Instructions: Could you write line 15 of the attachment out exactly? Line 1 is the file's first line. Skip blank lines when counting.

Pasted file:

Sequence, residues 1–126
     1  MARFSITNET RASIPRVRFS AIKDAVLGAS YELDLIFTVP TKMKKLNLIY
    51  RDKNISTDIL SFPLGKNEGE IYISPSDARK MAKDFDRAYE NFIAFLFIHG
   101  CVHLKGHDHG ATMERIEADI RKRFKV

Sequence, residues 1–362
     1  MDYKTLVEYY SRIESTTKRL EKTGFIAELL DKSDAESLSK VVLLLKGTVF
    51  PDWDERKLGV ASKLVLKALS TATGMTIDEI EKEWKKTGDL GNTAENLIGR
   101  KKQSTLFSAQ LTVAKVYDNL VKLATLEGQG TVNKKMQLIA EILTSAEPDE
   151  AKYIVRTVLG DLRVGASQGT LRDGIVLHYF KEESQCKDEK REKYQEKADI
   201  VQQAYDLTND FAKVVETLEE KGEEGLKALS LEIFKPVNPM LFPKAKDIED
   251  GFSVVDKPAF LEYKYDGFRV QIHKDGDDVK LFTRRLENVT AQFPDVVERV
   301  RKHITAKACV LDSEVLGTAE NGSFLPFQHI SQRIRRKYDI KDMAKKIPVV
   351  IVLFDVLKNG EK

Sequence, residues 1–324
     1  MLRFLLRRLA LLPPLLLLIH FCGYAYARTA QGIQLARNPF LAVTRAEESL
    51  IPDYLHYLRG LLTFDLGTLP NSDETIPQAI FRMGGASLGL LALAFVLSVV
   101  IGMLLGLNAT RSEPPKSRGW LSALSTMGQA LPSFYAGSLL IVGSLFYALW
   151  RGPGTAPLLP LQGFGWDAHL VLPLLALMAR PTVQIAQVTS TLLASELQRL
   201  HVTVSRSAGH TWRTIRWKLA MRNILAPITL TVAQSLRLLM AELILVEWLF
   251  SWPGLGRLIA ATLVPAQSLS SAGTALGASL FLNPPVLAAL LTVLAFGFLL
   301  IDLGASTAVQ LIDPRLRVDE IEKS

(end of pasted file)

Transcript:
     1  MLRFLLRRLA LLPPLLLLIH FCGYAYARTA QGIQLARNPF LAVTRAEESL